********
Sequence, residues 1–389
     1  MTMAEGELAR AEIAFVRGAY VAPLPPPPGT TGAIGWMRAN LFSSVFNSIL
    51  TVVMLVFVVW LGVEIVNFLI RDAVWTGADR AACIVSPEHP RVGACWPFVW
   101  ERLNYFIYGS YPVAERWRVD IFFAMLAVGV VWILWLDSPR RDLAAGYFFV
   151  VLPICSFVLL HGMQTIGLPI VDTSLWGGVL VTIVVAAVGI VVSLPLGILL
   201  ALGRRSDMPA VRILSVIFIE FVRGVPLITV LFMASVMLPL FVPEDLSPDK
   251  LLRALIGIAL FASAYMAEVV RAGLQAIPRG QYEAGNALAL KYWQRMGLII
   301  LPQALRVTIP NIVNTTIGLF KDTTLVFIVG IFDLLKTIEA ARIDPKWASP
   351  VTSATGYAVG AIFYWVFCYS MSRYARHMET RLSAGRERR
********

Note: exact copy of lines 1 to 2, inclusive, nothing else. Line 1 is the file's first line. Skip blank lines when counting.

Sequence, residues 1–389
     1  MTMAEGELAR AEIAFVRGAY VAPLPPPPGT TGAIGWMRAN LFSSVFNSIL